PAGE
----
I think there’s a balance. Peter Gabriel has got to be like the rest of us. He’s got to enjoy a crowd of cheering fans as well as his bank account that can afford all things big time. But in writing a tune like “Biko” into his concert, he showed me a component of performance that has made the biggest impact on my decision-making as creator, and as a ringleader of Featherburn. For every set, I’m asking myself “How are we going to wrangle the attention, and then the hearts of our audience so that we can all experience something transformational?” I ask myself for each song we create and add to our line-up, “How is this contributing to a transformational experience?” Some of our tunes are for raising heart-rates, some are madcap and silly, some are slow and quiet with messages of deep, personal meaning. But we’re shooting to give. Give a great ride, that ultimately leads to inspired transformation. To lead us to good reasons for action. Like Biko, like the little wolf who learns to listen to the wind, like Tadashi Suzuki stomping around the stage, and like Mary Oliver penning some last lines to The Summer Day which happen to go like this:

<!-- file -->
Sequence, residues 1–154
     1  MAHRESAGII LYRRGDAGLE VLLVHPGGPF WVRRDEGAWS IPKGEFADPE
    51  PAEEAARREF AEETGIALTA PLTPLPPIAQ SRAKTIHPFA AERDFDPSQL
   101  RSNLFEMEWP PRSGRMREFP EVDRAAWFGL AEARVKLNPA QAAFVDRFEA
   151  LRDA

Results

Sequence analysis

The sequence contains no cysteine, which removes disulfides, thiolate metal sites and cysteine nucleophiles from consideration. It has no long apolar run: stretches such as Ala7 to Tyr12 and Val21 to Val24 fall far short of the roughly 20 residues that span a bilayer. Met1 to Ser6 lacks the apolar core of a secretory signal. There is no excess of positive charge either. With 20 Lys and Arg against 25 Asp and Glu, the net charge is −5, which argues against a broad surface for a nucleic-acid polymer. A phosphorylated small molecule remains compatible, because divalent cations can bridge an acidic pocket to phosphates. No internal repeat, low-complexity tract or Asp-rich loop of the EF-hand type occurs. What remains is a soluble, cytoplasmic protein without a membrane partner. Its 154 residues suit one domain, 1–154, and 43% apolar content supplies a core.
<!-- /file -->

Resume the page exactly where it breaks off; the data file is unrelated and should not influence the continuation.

“Doesn’t everything die at last, and too soon?
Tell me, what is it you plan to do
With your one wild and precious life?”